Category Archives: Etymology

Lay & Lie

My memory recently lost this so I am relearning. It’s not as easy as it seems. Corrections welcome.

Lay is a transitive verb–something is being done to something else. I lay the child down to sleep. Lie is an intransitive verb–nothing or no one is being acted on. Now I lie down to sleep. The past tense of lay is laid. Last night I laid the child down right after dinner. The past tense of lie is lay. Last night I lay down to sleep soon after midnight. The past participle of lay is laid (same as the past tense). I have laid the child to sleep three times now. The past participle of lie is lain. I could have lain in bed until lunch. Layed is not a word; use laid.


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“Some of the factors that have contributed to the drastic decline of the art of bringing phrases to closure are clear enough. They include the wholesale de-formalization of poetry in our time and the consequent premium placed on enjambment; our dogmatic insistence on open-endedness and the bland tones of everyday language; our predilection for understatement and uneasiness about rhetorical display; our aversion to affirmation and our cult of the whisper.”  -Robert Pogue Harrison

The New York Review of Books, Volume 59, Number 2 · February 9, 2012. ‘The Book From Which Our Literature Springs’, by Robert Pogue Harrison.


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Jules-Alexis Muenier

La leçon de catéchisme (1890)
Musée des Beaux-Arts et d’Archéologie de Besançon
oil on canvas

Editorial: We are giving catechism a go. I have reservations that are admittedly abstract. The word itself is unfortunate– to sound down to. And while I like the idea of studying doctrines intellectually (in this case Christian doctrines), the thought of indoctrinating our daughter is rather off-putting. I am accepting the skepticism and discomfort as part of the process itself, which is why for now we are leaning in.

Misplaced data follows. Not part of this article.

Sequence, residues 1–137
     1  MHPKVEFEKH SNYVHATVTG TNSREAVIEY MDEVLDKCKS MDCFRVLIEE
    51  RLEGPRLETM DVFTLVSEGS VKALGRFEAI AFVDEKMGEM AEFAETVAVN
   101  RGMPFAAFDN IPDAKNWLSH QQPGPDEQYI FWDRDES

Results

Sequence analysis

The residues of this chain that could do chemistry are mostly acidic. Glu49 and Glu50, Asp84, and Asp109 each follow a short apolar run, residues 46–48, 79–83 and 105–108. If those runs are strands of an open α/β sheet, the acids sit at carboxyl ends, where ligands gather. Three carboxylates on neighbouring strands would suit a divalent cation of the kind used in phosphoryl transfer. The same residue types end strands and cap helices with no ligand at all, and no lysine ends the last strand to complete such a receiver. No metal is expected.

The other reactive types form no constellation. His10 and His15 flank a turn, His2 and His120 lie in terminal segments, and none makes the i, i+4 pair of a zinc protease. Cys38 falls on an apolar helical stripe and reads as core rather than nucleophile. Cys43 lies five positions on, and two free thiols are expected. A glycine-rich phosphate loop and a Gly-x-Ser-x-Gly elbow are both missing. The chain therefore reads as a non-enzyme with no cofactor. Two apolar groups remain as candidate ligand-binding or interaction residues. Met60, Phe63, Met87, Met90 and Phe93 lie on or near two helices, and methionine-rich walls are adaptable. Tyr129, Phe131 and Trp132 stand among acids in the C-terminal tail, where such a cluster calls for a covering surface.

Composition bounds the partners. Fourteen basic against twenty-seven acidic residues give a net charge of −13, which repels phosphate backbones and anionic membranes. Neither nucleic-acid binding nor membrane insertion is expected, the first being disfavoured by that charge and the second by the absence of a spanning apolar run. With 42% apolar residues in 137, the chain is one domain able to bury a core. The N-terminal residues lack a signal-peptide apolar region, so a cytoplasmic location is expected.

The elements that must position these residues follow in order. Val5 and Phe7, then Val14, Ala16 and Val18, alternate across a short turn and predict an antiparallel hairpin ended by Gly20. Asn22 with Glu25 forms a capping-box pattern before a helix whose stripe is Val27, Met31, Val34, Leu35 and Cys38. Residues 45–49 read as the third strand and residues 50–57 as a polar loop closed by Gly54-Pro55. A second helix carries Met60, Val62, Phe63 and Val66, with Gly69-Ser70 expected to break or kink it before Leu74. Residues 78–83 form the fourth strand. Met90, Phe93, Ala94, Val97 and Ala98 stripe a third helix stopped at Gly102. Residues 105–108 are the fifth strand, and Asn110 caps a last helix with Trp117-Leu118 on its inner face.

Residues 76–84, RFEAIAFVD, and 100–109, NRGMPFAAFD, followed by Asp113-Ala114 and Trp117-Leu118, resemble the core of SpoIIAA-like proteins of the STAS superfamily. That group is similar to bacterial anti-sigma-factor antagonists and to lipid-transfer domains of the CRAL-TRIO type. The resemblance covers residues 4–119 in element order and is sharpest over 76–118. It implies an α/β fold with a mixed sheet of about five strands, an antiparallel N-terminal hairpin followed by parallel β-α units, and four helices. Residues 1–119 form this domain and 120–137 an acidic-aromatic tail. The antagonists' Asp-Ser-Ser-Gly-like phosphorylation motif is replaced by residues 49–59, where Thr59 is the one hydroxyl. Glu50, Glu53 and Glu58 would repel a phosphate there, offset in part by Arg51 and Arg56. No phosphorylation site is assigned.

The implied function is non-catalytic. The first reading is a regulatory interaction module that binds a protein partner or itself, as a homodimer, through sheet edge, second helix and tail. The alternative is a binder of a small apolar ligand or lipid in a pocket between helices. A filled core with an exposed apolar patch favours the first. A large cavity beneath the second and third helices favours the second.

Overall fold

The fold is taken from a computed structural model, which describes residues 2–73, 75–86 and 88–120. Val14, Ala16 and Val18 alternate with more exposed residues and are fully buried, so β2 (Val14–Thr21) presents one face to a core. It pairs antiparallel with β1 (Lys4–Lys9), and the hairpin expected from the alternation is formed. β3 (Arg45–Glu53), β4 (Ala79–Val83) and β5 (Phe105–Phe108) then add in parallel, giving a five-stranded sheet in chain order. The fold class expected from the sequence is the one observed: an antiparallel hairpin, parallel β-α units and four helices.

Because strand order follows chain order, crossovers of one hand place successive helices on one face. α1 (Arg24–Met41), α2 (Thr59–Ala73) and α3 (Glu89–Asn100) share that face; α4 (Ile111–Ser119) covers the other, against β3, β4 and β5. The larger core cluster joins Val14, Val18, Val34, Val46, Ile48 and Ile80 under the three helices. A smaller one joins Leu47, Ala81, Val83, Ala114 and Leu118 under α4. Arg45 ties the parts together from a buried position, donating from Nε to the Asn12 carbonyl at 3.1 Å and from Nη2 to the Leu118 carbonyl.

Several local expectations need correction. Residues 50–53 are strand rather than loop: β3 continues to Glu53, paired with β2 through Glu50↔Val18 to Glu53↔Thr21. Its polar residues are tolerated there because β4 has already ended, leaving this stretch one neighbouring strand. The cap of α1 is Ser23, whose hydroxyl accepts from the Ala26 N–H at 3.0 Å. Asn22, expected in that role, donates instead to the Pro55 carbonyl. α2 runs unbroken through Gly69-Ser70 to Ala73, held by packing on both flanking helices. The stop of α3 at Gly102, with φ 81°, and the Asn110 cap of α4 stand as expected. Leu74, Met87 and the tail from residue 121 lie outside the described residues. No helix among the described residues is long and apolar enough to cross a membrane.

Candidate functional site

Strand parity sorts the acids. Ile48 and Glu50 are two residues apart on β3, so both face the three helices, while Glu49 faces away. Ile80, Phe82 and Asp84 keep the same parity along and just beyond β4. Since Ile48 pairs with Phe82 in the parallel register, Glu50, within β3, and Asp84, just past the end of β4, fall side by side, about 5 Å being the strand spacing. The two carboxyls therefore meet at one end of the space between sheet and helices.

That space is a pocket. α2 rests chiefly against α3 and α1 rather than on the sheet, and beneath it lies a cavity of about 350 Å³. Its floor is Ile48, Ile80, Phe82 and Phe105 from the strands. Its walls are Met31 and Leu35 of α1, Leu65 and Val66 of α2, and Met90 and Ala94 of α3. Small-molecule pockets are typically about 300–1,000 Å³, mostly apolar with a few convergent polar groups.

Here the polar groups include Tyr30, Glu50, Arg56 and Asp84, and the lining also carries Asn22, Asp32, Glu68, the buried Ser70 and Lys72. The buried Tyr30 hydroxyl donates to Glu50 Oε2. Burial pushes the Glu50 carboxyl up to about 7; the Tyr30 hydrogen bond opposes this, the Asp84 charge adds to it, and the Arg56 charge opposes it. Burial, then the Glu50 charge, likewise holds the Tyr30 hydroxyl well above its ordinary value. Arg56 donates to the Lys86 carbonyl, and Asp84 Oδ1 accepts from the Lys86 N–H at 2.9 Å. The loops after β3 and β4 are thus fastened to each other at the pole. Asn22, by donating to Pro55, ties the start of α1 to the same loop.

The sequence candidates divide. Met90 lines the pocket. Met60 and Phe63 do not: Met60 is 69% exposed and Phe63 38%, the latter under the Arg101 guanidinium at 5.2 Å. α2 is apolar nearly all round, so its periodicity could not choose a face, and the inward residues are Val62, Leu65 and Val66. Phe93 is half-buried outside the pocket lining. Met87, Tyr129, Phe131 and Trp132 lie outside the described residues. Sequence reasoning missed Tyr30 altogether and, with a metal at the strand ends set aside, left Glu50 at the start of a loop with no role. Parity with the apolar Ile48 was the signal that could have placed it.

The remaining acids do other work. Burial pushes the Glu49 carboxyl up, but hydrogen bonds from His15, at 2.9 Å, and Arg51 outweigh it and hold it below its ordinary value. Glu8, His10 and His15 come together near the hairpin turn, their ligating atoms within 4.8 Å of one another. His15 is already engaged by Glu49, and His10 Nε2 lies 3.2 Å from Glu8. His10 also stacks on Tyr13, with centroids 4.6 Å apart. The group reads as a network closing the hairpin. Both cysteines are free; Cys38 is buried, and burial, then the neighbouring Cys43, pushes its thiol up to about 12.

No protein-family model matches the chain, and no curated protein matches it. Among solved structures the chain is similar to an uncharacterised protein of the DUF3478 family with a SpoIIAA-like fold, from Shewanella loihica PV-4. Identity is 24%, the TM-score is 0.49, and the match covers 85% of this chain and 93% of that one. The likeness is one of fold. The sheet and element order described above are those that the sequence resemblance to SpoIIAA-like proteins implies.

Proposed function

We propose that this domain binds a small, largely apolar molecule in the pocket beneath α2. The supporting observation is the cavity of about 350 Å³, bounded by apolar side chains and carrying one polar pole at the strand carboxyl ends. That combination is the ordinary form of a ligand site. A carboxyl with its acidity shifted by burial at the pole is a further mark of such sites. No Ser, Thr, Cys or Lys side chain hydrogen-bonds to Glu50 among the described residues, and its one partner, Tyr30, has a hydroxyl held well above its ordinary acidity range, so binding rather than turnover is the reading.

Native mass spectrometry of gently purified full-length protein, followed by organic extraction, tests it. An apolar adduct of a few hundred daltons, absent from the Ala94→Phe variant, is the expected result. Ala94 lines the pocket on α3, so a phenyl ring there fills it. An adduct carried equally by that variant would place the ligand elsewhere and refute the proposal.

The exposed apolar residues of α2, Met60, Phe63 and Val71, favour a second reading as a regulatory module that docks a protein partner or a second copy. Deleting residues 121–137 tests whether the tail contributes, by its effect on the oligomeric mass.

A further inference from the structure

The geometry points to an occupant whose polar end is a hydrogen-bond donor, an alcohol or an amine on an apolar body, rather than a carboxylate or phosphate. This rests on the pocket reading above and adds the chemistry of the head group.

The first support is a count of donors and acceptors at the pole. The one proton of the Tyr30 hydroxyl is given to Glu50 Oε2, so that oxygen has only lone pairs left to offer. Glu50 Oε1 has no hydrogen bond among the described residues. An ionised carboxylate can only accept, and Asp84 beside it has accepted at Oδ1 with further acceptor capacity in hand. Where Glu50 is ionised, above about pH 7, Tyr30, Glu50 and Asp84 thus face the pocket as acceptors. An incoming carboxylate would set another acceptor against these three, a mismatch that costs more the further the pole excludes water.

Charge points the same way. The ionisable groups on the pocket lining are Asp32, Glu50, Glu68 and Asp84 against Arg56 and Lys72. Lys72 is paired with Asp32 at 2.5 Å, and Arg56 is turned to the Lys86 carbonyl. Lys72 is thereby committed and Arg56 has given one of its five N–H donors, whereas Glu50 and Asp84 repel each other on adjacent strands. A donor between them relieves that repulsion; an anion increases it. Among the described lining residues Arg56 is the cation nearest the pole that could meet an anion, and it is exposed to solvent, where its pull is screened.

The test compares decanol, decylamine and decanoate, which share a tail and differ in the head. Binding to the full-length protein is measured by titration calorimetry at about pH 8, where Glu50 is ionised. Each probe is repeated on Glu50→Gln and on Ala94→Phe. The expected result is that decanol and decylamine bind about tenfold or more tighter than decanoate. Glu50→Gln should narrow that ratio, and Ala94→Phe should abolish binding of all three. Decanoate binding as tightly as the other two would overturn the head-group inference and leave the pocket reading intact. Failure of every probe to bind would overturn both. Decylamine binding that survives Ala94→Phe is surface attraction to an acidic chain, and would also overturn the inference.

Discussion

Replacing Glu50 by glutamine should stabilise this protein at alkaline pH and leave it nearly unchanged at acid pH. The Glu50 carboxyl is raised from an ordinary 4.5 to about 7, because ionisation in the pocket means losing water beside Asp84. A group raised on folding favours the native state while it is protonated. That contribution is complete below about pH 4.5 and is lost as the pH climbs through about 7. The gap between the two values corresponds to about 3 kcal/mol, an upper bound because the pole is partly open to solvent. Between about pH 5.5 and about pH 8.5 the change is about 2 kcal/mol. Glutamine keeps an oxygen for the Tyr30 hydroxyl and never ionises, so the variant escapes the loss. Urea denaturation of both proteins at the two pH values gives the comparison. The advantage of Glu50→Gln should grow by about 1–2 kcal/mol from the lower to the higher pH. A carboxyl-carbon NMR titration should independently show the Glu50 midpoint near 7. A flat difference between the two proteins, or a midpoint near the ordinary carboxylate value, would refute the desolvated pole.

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Gary Whitehead

A Glossary of Chickens
by Gary Whitehead

There should be a word for the way
they look with just one eye, neck bent,
for beetle or worm or strewn grain.
“Gleaning,” maybe, between “gizzard”
and “grit.” And for the way they run
toward someone they trust, their skirts
hiked, their plump bodies wobbling:
“bobbling,” let’s call it, inserted
after “blowout” and before “bloom.”
There should be terms, too, for things
they do not do—like urinate or chew—
but perhaps there already are.
I’d want a word for the way they drink,
head thrown back, throat wriggling,
like an old woman swallowing
a pill; a word beginning with “S,”
coming after “sex feather” and before “shank.”
And one for the sweetness of hens
but not roosters. We think
that by naming we can understand,
as if the tongue were more than muscle.

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constult / latibulate / yepsen

to act stupidly together.
to hide oneself in a corner.
the amount that can be held in two hands cupped together; also, the two cupped hands themselves.

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nomenclature / nomenklatura

1. a set or system of names or terms, as those used in a particular science or art, by an individual or community, etc.;
2. the names or terms comprising a set or system.
a select list or class of people from which appointees for top-level government positions are drawn, esp. from a Communist Party.

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